As a taxpayer here in the Ocean State, it caught my attention a couple of years ago to read that Betsy Wall, marketing fall gal for the state’s “Cooler and Warmer” debacle, breezed out of the governor's office having served a back-breaking four months, with a severance package worth approximately $67,500. Whew!
Looking more closely, that is just one more example, in a growing list of them, that firmly cements for me the goal I have of being fired. I am actively seeking, searching, and praying for my pink slip. There is, however, a caveat here. I want a golden parachute. And not the usual one either with two weeks severance and health insurance for a couple of months. Uh-uh. I want what they had.
And who's "they?"
The name Stanley O'Neal comes to mind. He the former president, CEO, and chairman of the board of Merrill Lynch who at his peak fired 24,000 people, demoted 19 major executives, cut out all perks, and brought the company to its highest moment in recorded history. Then the sub-prime mortgage crisis hit globally, and Merrill Lynch began to lose and lose big-time. When the figure reached a staggering $8 billion loss, O’Neal was shown the door.
But he didn’t get a severance package and a few months of health insurance. Not at all. However don’t feel too bad for the guy. Old Stanley wound up with $161.5 million in cash, stock, and options. They call it a “golden parachute.” I call it “my goal for 2018.”
In 2005, Syracuse University nabbed Greg Robinson as their new head football coach and patted themselves on the back for their great good fortune in acquiring him. Robinson had two Super Bowl rings to his credit as a defensive coach with the Denver Broncos. But history was not to repeat itself. By the end of the 2008 Syracuse University football season, Robinson had racked up a 9-36 overall record, 3-24 in the Big East.
No one gave him a ring.
Instead they gave him a pink slip, but it came attached to something else. A golden parachute. Robinson, who had accrued the worst four-year run in the 127-year history of the Syracuse University football program, strolled out of snowy Central New York, having to make do on $1.3 million and benefits since that occurred during the year of the great recession, some 10 years ago.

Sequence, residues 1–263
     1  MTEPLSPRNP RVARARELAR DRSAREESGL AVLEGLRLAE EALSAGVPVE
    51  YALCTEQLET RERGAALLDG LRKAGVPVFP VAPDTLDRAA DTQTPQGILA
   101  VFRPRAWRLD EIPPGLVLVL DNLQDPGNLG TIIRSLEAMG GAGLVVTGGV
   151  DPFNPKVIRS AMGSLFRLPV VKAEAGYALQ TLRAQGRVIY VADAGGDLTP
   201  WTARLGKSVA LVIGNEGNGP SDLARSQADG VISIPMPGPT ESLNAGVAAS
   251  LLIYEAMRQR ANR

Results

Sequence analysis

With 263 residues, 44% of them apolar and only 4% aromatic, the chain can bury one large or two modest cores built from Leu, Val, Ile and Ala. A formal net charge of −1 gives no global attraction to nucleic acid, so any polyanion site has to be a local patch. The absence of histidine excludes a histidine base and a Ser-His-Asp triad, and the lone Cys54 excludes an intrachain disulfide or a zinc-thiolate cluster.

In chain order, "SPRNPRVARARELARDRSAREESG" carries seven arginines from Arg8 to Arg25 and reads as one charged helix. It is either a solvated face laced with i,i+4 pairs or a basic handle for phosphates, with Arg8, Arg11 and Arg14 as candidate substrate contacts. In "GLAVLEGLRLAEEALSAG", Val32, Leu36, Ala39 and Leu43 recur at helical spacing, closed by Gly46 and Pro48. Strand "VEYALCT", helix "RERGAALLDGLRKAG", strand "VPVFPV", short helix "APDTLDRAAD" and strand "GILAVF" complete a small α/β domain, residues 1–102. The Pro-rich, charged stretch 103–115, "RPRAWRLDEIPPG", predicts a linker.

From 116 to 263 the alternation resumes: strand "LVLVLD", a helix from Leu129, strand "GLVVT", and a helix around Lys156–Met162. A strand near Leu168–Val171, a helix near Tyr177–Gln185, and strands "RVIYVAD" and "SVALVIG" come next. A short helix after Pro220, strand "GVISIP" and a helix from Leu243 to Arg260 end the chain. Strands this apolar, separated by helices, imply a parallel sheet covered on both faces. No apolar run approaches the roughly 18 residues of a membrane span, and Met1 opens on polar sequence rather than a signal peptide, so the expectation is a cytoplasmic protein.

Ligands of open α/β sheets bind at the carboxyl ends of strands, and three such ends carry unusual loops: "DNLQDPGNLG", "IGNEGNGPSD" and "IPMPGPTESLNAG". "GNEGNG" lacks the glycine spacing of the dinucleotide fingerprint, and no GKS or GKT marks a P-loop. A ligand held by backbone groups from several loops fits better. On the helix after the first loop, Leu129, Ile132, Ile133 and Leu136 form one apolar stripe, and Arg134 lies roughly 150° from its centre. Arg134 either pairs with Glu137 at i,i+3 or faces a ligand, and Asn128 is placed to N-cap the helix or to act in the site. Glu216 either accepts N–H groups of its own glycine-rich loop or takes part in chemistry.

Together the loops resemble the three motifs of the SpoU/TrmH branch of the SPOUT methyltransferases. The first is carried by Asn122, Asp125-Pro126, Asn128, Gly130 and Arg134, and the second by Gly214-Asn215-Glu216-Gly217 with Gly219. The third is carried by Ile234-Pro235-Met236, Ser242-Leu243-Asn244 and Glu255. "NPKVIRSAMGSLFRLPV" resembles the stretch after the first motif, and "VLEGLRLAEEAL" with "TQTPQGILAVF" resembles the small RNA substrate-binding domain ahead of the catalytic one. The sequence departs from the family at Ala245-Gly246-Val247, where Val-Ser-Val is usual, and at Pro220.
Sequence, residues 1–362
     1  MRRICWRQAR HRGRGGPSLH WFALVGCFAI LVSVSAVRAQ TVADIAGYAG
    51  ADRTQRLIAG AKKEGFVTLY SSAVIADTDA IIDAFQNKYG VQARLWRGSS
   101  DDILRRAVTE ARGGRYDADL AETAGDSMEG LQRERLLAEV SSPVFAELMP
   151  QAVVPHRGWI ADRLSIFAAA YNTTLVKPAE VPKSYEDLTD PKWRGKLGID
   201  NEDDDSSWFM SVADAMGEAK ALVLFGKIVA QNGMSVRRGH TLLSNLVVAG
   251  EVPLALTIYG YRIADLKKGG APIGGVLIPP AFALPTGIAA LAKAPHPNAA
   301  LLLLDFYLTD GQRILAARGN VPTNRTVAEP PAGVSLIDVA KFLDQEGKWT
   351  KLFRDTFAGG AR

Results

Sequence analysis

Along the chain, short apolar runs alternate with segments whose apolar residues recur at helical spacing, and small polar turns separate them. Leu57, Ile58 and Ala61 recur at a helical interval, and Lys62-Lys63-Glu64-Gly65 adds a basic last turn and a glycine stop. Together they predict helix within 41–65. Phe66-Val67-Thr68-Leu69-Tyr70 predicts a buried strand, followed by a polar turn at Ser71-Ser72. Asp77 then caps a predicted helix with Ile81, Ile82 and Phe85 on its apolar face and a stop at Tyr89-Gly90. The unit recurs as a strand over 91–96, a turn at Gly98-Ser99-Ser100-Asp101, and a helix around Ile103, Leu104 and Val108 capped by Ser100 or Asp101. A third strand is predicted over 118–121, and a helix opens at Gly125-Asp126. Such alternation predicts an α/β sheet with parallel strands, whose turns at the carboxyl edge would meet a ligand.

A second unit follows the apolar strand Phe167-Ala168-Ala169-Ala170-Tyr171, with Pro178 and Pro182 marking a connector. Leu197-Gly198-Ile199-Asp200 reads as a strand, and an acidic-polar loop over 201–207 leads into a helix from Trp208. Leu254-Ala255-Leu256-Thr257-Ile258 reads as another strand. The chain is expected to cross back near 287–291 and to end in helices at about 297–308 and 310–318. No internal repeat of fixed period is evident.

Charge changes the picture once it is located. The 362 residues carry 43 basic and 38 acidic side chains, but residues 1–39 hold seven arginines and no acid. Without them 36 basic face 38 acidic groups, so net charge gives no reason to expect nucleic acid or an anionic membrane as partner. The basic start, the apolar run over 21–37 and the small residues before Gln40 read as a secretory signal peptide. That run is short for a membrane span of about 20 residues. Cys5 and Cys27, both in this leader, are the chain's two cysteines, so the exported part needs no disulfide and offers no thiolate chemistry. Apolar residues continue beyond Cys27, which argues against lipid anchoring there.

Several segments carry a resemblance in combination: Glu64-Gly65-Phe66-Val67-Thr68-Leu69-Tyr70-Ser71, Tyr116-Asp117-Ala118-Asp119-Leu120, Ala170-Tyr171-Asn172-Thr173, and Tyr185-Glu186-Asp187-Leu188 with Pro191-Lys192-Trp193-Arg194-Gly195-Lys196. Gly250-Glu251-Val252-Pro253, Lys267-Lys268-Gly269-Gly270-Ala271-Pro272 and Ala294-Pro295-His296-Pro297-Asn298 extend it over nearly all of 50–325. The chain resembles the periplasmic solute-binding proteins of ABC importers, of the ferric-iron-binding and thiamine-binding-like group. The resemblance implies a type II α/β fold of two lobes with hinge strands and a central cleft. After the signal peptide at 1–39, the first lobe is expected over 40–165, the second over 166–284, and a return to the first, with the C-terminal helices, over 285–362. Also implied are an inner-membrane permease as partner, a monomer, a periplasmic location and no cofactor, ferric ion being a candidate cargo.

It has even been reported that the now-defunct investment bankers Lehman Brothers had cleverly arranged millions in bonuses for soon-to-be fired executives even as they were whining and pleading for a federal bailout!
Indeed the sweetest sound heard on Wall Street in the past few years for those in the upper echelon have been the words “You’re fired!” Those guys never walk out with a modest pension and their belongings stuffed in a cardboard box they got from the local liquor store … they float out, blissfully tethered to the billowing satin cord of that shiny parachute.
Consider this example: the 2016 one-week vice presidential candidate, Carly Fiorina, forced to resign as head of Hewlett-Packard, was also forced to accept a $42 million golden handshake. I imagine she’s shopping at Savers these days.
So I’ve decided I’m going to stop writing right now and get my resume in order. Make sure it’s neatly done on plover bond 100 weight paper as well as professionally designed and posted on social media. I’ll buy a few smart business suits, have my hair cut and styled, grab a manicure, and have my car detailed till it sparkles.
Then when you’re ready to call me in for an interview with your company, I’ll be ready. I’ll give you my all, show up promptly every day, be ever mindful of your bottom line at all times, work hard, stay late, work overtime with nary a wince, and be creative, successful, and innovative. You may ask all you want of me, and in return I will ask but one thing of you.
When the time is right; and hopefully, that won’t be too long into our relationship, fire me. With cash. With stock options. With health insurance benefits for life. Just let me go.
Rona Mann has been a freelance writer for The Sun for 17 years, including her “In Their Shoes” features. She can be reached at firstname.lastname@example.org or 401-539-7762.